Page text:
Jesus was a carpenter, but the gospels do not provide instructions for building a house. Jesus was a healer, but the gospels don't talk about surgery or medicine. Jesus spoke often about seeds and fields, but his intent was not to give advice about farming.
Most Christians understand the Bible to be authoritative in matters of doctrine and faith, but also acknowledge the value of other ways of learning. God gave us a world that operates according to rational principles, and he gave us rational brains to understand the workings of that world. God gave us a way to preserve the knowledge of previous generations, and he gave us ways to build on that knowledge.
Therefore, no one thinks it strange, for example, that Habitat for Humanity uses the same techniques for building a house that commercial builders use. Or that a surgeon who is a Christian and another surgeon who is not a Christian may have graduated from the same medical school. Humanity has built up a body of knowledge in each of these specialties, and that body of knowledge is available to anyone, regardless of religious affiliation.
The recognition of the value of secular knowledge in understanding the natural world is ingrained in western culture to the extent that most people simply accept it without thinking about it.
And yet, many Christians make an exception in one area of knowledge. Many who would never consider relying on scripture for nutritional advice are perfectly content to let the Bible be their source for biological theories. A narrow reading of Genesis leads them to reject evolution and favor creationism. And it's not just fundamentalists. Recent polls show that more Americans now believe in creationism than believe in evolution. This, despite the fact that evolution has been observed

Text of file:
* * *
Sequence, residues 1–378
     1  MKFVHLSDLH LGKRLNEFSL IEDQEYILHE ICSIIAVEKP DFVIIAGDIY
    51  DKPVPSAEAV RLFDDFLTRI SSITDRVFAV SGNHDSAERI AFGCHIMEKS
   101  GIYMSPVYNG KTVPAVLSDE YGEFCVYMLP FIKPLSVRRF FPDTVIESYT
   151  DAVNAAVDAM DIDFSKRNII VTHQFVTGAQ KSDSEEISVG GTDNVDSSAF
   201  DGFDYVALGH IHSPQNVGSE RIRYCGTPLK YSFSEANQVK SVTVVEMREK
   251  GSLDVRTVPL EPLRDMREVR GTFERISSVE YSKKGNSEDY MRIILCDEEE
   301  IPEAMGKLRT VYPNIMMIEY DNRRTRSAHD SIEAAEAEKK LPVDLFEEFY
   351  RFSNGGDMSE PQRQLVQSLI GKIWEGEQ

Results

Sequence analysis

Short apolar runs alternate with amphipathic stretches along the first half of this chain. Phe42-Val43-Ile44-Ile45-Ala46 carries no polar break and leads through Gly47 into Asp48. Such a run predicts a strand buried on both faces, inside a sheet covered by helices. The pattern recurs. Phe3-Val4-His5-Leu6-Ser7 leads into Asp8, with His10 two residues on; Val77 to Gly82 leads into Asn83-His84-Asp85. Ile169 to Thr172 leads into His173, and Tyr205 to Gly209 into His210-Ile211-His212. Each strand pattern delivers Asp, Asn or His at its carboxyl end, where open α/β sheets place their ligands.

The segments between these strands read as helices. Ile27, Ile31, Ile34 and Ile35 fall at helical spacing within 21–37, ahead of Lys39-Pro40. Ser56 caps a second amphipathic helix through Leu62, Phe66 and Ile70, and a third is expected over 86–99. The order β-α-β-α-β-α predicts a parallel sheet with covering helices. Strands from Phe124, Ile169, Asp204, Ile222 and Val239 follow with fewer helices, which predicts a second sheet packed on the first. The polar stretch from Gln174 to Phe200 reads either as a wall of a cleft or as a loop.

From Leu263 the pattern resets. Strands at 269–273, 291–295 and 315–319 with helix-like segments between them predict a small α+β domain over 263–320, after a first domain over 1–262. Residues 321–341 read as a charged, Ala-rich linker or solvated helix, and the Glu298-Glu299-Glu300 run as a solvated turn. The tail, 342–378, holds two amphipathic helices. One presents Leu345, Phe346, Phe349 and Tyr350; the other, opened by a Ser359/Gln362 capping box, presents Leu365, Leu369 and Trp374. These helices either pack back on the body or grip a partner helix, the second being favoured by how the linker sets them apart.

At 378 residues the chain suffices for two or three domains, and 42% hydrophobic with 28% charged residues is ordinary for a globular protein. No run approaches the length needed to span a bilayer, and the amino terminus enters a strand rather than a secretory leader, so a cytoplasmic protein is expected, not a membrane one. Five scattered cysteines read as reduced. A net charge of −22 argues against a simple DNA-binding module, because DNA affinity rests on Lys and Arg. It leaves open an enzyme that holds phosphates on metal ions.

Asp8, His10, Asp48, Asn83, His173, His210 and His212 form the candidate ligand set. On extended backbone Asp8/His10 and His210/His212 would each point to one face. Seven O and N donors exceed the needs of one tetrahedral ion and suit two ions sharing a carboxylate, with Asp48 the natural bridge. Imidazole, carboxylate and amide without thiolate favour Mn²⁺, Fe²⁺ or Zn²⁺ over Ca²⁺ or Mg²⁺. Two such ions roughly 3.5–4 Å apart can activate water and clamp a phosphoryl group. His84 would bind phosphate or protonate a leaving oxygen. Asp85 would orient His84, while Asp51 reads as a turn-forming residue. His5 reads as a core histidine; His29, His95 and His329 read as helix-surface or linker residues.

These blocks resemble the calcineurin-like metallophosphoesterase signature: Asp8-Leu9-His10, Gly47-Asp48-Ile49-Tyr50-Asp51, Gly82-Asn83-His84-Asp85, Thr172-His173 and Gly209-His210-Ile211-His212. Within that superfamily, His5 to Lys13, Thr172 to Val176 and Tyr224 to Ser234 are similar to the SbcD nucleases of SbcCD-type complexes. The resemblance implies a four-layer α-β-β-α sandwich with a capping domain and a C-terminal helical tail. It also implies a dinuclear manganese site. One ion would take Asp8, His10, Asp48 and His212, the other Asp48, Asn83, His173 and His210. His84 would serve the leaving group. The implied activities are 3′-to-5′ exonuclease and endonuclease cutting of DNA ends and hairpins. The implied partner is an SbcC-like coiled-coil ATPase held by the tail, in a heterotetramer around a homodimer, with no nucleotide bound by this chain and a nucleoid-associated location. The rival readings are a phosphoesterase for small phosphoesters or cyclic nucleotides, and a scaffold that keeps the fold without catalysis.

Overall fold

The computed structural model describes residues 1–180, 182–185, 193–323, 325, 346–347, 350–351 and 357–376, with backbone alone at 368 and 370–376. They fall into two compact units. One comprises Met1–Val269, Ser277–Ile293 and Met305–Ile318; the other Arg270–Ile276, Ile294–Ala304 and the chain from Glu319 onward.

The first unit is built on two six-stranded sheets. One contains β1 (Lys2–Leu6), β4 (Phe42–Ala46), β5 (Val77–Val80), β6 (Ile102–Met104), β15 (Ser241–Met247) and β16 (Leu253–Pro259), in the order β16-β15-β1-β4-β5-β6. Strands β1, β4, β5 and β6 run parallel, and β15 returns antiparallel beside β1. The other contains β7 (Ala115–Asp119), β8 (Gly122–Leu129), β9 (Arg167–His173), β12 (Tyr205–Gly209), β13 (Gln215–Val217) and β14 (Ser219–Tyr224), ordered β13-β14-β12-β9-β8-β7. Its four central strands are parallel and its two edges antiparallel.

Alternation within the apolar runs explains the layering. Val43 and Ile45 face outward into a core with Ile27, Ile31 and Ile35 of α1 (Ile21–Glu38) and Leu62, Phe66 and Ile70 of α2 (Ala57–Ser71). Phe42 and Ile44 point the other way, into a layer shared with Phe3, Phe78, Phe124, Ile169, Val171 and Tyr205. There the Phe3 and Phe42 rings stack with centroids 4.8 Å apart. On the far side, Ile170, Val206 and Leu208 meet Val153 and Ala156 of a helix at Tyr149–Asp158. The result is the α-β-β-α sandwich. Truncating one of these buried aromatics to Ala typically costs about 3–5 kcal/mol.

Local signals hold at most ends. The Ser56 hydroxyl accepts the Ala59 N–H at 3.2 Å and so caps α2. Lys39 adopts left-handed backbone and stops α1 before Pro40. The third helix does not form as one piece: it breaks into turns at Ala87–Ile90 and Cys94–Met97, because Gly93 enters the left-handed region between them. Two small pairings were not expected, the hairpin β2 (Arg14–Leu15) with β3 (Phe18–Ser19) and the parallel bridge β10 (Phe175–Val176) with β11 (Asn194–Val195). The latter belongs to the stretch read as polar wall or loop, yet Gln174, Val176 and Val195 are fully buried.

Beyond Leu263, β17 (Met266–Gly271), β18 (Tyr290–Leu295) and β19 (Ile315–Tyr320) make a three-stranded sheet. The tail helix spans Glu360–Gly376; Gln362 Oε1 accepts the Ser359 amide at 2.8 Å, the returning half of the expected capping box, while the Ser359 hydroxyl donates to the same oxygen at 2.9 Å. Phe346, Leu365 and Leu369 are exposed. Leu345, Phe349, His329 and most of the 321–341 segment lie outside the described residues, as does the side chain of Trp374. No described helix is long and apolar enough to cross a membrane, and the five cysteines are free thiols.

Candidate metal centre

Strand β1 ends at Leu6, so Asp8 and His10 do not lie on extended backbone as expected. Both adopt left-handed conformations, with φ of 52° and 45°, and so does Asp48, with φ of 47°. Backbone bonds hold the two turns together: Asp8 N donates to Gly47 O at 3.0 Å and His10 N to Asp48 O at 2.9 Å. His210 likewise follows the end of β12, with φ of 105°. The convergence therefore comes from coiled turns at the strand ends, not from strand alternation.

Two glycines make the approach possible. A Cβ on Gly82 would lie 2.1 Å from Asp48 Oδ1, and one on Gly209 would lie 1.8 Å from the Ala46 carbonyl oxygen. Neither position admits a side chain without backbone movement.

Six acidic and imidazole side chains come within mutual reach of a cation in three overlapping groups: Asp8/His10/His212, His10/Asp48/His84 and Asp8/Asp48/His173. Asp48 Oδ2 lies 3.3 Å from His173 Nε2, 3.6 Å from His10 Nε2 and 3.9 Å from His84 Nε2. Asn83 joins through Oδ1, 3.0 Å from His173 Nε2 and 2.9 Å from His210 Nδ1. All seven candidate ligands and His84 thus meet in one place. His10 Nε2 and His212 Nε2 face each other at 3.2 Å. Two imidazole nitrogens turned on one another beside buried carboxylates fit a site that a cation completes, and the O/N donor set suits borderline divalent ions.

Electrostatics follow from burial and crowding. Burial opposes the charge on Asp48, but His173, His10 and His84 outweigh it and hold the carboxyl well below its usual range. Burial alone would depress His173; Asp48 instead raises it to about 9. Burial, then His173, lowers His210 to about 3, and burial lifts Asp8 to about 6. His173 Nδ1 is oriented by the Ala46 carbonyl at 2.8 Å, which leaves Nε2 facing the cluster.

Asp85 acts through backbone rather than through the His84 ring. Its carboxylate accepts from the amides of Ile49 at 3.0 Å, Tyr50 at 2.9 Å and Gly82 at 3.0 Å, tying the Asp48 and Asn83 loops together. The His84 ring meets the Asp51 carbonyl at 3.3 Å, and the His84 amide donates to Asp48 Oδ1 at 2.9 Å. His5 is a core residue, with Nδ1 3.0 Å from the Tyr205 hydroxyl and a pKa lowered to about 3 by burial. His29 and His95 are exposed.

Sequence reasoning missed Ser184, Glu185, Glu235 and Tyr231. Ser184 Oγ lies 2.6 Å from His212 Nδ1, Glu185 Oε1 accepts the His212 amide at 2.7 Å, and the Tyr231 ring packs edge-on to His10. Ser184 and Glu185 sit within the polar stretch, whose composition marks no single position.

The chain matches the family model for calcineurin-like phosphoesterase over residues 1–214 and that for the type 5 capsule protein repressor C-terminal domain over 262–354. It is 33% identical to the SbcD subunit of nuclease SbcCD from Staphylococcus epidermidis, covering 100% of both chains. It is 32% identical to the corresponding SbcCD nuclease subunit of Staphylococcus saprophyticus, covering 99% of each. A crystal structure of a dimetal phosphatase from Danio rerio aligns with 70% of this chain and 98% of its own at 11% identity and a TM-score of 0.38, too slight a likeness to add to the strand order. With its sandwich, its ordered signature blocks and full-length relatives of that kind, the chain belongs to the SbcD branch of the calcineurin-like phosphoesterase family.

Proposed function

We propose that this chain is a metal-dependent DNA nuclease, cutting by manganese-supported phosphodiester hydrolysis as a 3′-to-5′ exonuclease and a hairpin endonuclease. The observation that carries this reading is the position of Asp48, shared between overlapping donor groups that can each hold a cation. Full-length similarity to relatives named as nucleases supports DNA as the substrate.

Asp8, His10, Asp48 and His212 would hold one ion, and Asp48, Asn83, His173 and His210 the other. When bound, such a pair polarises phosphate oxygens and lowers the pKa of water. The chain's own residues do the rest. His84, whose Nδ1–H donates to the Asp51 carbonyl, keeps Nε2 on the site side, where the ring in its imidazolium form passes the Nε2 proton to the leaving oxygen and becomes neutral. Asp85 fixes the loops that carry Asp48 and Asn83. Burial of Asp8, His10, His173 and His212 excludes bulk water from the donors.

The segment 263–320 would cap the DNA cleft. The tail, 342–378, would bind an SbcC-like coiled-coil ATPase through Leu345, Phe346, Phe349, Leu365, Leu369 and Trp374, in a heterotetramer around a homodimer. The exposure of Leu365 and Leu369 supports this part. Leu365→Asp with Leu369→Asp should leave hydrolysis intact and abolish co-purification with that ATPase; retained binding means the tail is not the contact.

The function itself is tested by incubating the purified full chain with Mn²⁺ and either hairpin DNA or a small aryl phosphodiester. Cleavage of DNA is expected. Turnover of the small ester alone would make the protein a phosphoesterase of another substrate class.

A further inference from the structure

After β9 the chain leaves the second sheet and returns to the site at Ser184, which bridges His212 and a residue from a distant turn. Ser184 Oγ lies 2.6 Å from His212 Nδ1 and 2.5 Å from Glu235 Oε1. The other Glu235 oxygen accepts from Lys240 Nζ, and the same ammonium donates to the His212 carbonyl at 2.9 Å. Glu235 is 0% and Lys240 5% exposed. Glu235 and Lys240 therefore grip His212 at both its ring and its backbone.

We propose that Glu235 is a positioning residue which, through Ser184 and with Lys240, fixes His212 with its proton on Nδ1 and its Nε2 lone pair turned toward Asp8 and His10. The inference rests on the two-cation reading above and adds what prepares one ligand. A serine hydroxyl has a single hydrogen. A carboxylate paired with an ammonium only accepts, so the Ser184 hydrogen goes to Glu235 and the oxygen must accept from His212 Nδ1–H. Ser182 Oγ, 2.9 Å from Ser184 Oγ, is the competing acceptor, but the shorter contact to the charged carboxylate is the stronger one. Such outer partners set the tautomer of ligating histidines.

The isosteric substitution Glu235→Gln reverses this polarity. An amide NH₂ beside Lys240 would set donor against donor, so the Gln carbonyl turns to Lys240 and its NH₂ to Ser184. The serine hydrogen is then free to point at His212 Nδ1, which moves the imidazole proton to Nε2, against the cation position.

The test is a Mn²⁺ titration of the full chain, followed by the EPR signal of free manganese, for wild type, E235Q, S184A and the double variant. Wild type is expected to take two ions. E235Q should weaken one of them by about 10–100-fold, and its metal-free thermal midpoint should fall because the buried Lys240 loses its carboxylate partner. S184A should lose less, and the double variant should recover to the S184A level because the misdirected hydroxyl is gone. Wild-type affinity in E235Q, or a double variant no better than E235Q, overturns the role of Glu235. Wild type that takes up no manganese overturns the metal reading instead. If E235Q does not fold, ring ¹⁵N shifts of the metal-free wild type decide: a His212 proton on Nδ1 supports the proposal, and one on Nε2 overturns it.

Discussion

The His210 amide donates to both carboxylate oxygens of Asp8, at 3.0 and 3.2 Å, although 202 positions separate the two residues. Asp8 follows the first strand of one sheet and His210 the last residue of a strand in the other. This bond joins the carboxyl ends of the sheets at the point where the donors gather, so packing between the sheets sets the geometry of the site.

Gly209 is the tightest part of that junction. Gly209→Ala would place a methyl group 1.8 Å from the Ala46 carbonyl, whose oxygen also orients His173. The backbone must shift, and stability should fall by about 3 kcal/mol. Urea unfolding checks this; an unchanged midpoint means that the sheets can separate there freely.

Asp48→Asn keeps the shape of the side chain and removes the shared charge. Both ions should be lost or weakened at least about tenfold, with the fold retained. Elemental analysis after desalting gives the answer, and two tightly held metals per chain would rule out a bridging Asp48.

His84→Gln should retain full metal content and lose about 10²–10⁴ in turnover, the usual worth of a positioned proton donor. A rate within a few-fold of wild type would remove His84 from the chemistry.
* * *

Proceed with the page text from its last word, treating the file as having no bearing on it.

countless times in the natural world.
Here in Kansas, the State Board of Education is planning to revise the state's science standards for high school students, to promote more criticism of evolution.
Evolution's critics claim that the theory is grounded in an atheistic worldview. They ask for equal time for other viewpoints.
The reality is that the theory of evolution, like all scientific theories, is grounded in a secular
worldview. Like all forms of secular knowledge, scientific knowledge is not dependent on a particular religious affiliation. The facts do not change whether one is a Christian, a Muslim, a Hindu, or an agnostic.
It's also a reality that many evolutionary biologists are committed Christians. Evolutionary theory would not be where it is today without the contributions of Alfred Russel Wallace, Asa Gray, Theodosius Dobzhansky, or Pierre Teilhard de Chardin. None of these men saw a conflict between their faith and their science.
The key is confining science to its proper sphere of knowledge. Science can tell us about the workings of the natural world. Scientific knowledge is grounded in what we can observe with our five senses. It can help us develop new medicines or better farming techniques. It can tell us how to build energy-efficient houses. It can tell us about the origins of species.
Science cannot tell us about God. That's not the purpose of secular knowledge. To know God, we must move into the realm of sacred knowledge, which may build on what we know from our senses, or may be given to us through revelation. It is important to recognize that revelation is not like secular knowledge -- it does not derive from our senses. It is not scientific.
"Creation science" is a reaction to our society's ever increasing secularization, but it is the wrong answer. Instead of calling people away from a narrow secular worldview, creationism adopts the mindset and attempts to fit God into the equations. In the attempt to bring God into biology class, creationism gives us a secularized God who is in reality just another hypothesis.
God is so much greater than a hypothesis. God is so much greater than the bones uncovered by a paleontologist or the fruit flies used in speciation experiments. God is so much greater than anything we can see or touch. To think that the theory of evolution somehow diminishes God, one must already believe in a diminished God.
A researcher performing a scientific experiment must take care to control all variables to get an accurate result. That's why creationism will never be science. We cannot control God.
The answer to secularism is not to try to fit God into that box. The answer, it seems to me, is to acknowledge the value of secular learning while also acknowledging its limits. Creationism fails on both counts.